Author Topic: What will there be the money to do with SLS?  (Read 80421 times)

Offline JohnFornaro

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Re: What will there be the money to do with SLS?
« Reply #60 on: 11/02/2012 12:15 am »
Shuttle was a little over $3B a year at 4-6 flights per year.  Say $3.2B for 5.  This is an end-of-life number; it got cheaper over time due to engineering and organizational improvements.

That's not $1B per flight.  It's $640M.  And the bulk of that was fixed costs, as evidenced by the $200M/month figure to keep the program ready without any actual launches.

And on the NASA website, they report it as costing $400M per flight.  What keeps happening here over and over on the forum is that there are too many nerd fights over the actual differentiation between fixed and operating costs, and extreme insistance on some number between $400M and $1B per flight.  $640M/flight sounds like a reasonable comprimise between the two extremes.  Now, to move on:

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SLS will be cheaper than STS was at low flight rates, because of lower fixed costs.

So they say, and so it remains still to be seen.  They are making it too big too fast; there are only test flights for the next ten years at best; aerospace inflation at the whopping 15% year gratuity level has not yet been applied over those ten years; it's not a guarantee at all about those lower fixed prices.

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Since it is expendable, the per-flight incremental cost is higher, so there is a crossover point beyond which SLS ends up more expensive than STS.  The crossover is difficult to pinpoint because SLS cost estimates (at least from publicly-available data) currently seem to have some play in them, but I believe it is safe to say that the currently-projected manifest is well below it.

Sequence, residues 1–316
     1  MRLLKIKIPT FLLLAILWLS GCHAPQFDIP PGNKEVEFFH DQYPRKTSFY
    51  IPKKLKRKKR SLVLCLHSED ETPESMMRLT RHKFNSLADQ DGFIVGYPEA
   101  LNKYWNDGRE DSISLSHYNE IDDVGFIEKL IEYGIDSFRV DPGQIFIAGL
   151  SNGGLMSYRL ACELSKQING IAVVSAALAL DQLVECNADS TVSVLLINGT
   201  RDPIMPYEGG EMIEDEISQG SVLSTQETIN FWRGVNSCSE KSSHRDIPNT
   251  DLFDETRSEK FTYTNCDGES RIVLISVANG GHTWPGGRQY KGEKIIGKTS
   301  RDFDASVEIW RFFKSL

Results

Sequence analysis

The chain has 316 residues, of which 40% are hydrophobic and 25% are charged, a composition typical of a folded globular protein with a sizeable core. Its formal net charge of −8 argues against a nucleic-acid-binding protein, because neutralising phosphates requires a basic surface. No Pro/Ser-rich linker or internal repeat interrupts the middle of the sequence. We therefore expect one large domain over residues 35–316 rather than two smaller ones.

You realize that this sounds like a subtle argument that a low flight rate is more economical than a high one?

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Using moderately optimistic numbers for SLS (that accord with DIRECT's estimates with corrections for specific design differences), the crossover seems to be around 4-6 flights per year; using more pessimistic numbers (and assuming a heavier, more evolved system with higher fixed costs) reduces it to around 2 per year or even less.

And now I'm confused.  Where are we saving money per flight; as the number of flights goes up? Or down?

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SLS plus Orion is of comparable cost to STS even at very low flight rates.

I insist; we shall see.

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It should be noted that USA claimed to be able to run STS quasi-commercially for $1.8B ...

Further, from what I recall, unless ATK can radically lower the fixed cost of the SRB...

Which topic I just avoid for the moment.

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Payloads for SLS don't need to be 70-90 tonnes.  Leaving aside the BA-2100 and such stuff, an exploration rocket doesn't need to be putting gigantic payloads in low Earth orbit when it could be putting normal-sized ones at L-points or in lunar orbit.

What?  We don't even need a 70 ton LV?  Why would you say they're building a 130 ton LV as fast as they can, then?  And why on Earth would we build a 70 ton Lv if we don't even plan to use its capacity?  Did you word this correctly?

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As for "there is no budget", NASA budget projections are worthless more than a few years out.  ...

We all hear that.
Sometimes I just flat out don't get it.

Offline QuantumG

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Re: What will there be the money to do with SLS?